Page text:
London's East End Baby Language Lab
Presenter Claudia Hammond starts a new series of All in the Mind by joining mothers and babies at a travelling, high-tech language lab in a Children's Centre in London's East End.
The testing session is just one of many to be carried out over the next two years in the communities of two of London's most deprived boroughs, Tower Hamlets and Newham.
Parents and babies are being invited to participate in a novel psychological study to investigate whether researchers can pick up very early indicators of later language or attention problems in infants as young as 6 months. The babies will be retested and assessed again when they are two years old.
The travelling 'babylab' is a high tech computer screen, set up in local children's centres. The baby sits in front of it and is played various videos and sounds aimed at testing how sensitive he or she is to speech and other aspects of their environments. The computer screen also contains a camera and eye movement tracker, so as well as testing the infants it also records all their responses to what they are seeing and hearing.
For example, at 6 months old, babies should be very interested in looking at faces and mouths when people are speaking, learning which mouth shapes match particular speech sounds. At this age they are likely to know the difference between the look of a mouth saying 'ba' as opposed to 'ga'. This is part of their earliest language development. If they are not able to make these and other discriminations, it could be a sign of language and other developmental problems to come.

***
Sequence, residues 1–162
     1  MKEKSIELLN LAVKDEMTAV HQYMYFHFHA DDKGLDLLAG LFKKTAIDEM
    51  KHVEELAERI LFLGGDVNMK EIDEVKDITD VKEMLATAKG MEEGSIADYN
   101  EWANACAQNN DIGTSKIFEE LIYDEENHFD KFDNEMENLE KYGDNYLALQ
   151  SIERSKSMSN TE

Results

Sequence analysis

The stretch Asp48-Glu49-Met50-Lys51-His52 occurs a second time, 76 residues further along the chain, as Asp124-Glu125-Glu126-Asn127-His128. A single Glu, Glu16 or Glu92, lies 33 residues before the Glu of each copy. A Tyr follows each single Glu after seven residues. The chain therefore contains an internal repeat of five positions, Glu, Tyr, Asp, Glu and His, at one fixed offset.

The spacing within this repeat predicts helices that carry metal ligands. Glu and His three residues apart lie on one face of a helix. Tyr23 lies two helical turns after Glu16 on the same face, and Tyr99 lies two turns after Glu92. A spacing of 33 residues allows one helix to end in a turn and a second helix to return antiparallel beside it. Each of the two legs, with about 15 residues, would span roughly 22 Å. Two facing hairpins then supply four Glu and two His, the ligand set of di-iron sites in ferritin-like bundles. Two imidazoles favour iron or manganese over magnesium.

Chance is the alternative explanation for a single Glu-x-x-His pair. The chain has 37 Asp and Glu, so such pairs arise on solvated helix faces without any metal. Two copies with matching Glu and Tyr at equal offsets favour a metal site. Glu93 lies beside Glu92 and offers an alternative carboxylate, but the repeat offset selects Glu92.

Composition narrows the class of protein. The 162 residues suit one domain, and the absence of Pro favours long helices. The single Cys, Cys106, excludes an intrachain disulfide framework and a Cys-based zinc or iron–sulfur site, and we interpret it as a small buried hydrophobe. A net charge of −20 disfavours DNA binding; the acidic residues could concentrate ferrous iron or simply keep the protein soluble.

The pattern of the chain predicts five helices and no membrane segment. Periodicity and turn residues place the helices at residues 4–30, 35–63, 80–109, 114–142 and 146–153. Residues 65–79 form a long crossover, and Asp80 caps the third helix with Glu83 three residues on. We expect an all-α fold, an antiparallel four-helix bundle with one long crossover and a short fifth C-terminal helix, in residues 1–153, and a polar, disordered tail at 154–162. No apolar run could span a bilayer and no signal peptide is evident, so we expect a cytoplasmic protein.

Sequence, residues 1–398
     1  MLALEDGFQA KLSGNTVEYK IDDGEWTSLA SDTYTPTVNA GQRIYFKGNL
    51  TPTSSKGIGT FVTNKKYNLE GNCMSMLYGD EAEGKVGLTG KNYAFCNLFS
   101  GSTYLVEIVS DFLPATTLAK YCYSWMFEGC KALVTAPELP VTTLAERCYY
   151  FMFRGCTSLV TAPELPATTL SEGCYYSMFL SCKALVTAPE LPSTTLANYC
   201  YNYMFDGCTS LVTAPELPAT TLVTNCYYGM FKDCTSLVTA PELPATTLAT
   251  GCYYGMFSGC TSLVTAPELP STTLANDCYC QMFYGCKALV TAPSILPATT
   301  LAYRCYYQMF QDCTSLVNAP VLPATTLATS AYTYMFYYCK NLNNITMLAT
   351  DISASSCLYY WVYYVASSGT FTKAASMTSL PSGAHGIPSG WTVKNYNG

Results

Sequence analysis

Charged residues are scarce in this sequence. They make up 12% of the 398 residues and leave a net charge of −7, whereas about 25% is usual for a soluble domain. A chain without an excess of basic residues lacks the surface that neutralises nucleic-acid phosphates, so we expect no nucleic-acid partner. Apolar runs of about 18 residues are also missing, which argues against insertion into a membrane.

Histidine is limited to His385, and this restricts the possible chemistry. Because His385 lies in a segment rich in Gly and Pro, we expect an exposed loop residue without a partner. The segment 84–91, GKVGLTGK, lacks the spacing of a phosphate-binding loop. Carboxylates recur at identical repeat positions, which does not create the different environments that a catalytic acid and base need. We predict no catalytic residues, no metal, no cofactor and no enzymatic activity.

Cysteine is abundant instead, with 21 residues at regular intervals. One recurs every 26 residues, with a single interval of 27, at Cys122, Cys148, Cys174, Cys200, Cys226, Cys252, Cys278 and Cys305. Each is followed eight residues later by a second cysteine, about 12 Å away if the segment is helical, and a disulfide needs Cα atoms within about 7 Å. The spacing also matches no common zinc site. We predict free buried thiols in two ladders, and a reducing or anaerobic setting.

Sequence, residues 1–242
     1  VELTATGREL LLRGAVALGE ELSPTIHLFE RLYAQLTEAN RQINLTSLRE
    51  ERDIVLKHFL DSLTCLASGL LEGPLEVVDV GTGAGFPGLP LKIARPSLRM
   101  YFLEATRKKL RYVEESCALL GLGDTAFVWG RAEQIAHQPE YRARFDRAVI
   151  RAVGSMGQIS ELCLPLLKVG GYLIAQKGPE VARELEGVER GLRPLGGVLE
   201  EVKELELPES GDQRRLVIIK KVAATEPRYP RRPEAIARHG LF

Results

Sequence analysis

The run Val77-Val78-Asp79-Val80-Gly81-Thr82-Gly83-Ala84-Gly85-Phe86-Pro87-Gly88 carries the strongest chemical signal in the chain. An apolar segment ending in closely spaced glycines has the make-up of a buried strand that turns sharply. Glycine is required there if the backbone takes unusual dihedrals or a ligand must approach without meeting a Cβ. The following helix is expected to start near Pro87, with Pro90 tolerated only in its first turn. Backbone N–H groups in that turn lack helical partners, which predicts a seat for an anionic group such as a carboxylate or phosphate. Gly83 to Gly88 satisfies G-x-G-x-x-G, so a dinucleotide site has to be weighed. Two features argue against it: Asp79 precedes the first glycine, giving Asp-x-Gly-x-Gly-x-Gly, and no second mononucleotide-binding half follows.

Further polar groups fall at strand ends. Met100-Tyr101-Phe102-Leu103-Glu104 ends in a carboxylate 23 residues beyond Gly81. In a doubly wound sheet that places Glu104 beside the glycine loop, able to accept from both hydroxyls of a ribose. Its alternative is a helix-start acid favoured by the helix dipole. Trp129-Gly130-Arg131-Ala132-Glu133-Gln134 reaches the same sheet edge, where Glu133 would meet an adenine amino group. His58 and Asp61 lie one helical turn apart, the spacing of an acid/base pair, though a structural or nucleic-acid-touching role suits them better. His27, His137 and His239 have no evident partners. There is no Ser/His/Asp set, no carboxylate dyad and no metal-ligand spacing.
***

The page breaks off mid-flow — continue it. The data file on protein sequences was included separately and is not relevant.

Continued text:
This seems to be the case from studies of babies in formal university laboratories. But this new project aims to find out whether reliable predictors of language and learning difficulties can be picked up with testing equipment out in the real world. And in particular in communities at the lower end of the socio-economic scale. Children from this section of society are at greater risk of language and other developmental problems than children in better-off areas.
The community testing sessions are also aimed at increasing parents' understanding and appreciation of how their babies learn about language and the world around them, and demonstrating just how clever their infants are - even at 6 months.
The research project is run by the University of East London and Birkbeck College London. The psychologists hope their findings will in the future allow the identification of individual children with potential problems at the youngest age possible. The idea is that the earliest that weaknesses are identified, the greater the chance the children can be helped to catch up in the development of their communication and social skills.